Ohio wading cautiously into teacher-evaluation waters
In 2011 the State Board of Education, prompted by a requirement in House Bill 153, developed a new framework for teacher evaluations, to be implemented by all districts starting with the 2013-14 school year. But the standards-based teacher evaluations are coming early to Ohio. The Marietta Times reported that some school districts in the Buckeye State will be piloting the new system during 2012-13. Frontier Local, Marietta City, and Wolf Creek districts will all be trying out the result of HB 153 (as will other districts around the state)—but not without some reservations (find detailed information on the Bill here).
While new policies can be exciting, school officials are finding them challenging to implement. HB 153 requires both principal and teacher evaluations. For the latter, at least 50 percent of a teacher’s rating must be dependent on student academic growth. The process also includes at least two observations and a conference before and after each observation for each evaluation. Superintendents have raised eyebrows at the estimated 15-20 hours per-teacher time commitment these rigorous evaluations may require. To meet these time requirements, Frontier Local School District’s Board of Education approved the transfer of a principal from one school to serve as part-time assistant principal at another.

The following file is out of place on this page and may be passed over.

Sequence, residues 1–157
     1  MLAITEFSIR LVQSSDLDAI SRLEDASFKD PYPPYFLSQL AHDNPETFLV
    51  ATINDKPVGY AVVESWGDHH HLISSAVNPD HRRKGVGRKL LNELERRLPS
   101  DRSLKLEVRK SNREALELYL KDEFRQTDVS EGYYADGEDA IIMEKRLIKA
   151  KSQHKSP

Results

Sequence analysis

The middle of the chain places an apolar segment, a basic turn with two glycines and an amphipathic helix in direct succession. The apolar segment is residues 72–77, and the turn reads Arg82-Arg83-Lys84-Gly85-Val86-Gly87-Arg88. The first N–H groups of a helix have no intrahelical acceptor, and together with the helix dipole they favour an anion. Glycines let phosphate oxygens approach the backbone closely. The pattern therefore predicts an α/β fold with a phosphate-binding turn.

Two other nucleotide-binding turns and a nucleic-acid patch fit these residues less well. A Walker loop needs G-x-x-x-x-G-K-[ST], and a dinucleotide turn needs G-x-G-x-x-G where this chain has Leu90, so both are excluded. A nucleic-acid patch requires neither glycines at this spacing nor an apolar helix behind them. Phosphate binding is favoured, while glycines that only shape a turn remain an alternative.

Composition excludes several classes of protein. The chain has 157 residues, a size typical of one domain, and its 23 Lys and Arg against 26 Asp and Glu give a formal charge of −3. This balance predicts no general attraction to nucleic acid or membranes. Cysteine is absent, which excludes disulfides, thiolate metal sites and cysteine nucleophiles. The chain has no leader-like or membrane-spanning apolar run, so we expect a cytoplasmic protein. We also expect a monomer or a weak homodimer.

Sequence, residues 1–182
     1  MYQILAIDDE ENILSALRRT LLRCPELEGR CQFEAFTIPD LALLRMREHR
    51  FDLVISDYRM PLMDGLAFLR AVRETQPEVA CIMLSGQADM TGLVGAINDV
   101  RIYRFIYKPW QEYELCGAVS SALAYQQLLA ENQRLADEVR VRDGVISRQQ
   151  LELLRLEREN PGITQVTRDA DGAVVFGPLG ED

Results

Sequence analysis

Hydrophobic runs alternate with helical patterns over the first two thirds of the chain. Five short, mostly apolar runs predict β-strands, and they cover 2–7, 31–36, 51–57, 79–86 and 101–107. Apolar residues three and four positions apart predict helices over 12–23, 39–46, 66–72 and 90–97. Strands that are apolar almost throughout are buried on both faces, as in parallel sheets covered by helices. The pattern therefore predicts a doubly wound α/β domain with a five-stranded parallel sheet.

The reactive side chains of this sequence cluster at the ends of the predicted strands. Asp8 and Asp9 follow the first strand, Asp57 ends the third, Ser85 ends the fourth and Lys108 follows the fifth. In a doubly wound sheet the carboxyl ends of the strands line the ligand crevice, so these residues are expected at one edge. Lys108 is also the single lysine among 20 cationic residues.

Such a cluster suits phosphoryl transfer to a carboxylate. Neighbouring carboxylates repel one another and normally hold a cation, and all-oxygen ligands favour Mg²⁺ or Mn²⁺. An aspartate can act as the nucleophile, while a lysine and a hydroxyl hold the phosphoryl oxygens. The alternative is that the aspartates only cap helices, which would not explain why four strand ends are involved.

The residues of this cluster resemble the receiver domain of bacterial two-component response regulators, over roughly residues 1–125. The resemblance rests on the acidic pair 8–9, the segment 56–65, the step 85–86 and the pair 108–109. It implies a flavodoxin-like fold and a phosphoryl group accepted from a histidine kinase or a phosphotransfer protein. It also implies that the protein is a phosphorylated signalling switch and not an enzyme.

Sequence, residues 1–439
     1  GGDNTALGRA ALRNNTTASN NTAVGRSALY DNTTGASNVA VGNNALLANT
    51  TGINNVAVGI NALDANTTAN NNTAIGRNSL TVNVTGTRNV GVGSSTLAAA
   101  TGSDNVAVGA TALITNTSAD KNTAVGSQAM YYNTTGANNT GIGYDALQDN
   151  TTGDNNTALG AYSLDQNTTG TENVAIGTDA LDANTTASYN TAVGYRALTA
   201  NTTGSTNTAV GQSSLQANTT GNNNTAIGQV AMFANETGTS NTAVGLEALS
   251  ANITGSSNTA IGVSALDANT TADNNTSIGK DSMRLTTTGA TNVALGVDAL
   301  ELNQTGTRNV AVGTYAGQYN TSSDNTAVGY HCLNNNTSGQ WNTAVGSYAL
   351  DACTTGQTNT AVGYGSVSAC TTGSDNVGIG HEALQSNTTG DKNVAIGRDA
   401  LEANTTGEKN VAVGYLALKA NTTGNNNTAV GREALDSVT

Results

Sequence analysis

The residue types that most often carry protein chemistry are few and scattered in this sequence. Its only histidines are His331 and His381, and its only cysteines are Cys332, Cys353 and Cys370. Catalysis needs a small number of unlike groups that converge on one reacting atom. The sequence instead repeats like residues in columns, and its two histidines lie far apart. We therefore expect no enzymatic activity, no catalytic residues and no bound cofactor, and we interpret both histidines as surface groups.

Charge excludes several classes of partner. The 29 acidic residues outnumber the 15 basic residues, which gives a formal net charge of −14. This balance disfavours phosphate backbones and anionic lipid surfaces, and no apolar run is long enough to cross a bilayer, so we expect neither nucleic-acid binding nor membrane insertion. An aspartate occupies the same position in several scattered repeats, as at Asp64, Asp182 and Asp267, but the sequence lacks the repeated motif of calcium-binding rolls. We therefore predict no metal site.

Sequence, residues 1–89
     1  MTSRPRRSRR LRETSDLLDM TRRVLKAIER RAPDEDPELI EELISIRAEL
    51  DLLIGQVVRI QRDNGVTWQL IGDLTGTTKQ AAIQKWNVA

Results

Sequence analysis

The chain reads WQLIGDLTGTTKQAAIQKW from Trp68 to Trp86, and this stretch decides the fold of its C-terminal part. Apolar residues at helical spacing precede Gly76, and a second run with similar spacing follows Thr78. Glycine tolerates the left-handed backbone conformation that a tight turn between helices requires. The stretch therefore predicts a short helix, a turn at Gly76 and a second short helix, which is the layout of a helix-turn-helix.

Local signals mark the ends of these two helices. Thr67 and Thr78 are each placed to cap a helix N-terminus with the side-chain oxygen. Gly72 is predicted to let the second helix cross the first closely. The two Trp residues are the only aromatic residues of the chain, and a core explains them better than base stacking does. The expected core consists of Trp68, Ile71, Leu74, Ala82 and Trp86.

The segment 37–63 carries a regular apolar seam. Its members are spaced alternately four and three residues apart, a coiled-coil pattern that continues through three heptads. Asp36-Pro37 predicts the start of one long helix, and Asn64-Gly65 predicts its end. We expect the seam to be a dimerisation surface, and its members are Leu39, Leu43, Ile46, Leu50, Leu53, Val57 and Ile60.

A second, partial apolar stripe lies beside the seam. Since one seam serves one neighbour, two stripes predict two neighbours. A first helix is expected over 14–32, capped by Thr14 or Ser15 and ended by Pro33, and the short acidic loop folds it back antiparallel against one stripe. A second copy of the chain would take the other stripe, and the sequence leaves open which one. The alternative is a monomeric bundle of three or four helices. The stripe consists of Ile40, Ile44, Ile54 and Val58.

Other Ohio districts can begin thinking creatively about these issues before they adopt this policy in 2013. For districts already short-staffed, it will take strategic planning to conduct these evaluations properly. However, contract language can have a significant impact on how time consuming evaluations become – because-- all teachers may not have to be evaluated every year and the bill does not specify who must conduct evaluations. In Wolf Creek, the superintendent is brainstorming ways to lessen the burden on principals and considering outside support. However, even this has its drawbacks. Wolf Creek stressed the importance of finding someone who understands the district’s philosophy and has done more than simply “meet the state requirements for an evaluator.” Since every district is a little different (and with Ohio having more than 600 districts and roughly 350 charter schools), it is not hard to understand why being familiar with their particular nuances is an advantage.
Nuances or none, all Ohio districts will soon have to face these issues, and may begin to question whether it’s worth the trouble. Where the pilot may work well in some districts, it may not be a good fit in others. Wolf Creek, for example, claims to not have the problem the new system primarily aims to fix (poor teachers staying in the classroom). Some may find the time devoted to evaluations superfluous. Some may run into staffing complications. Others may dread additional costs associated with measuring the 50 percent student growth component in non state-tested subjects. In any case, tough decisions must be made and stakeholders will definitely be keeping a close watch on how these pilot districts fare in the upcoming school year.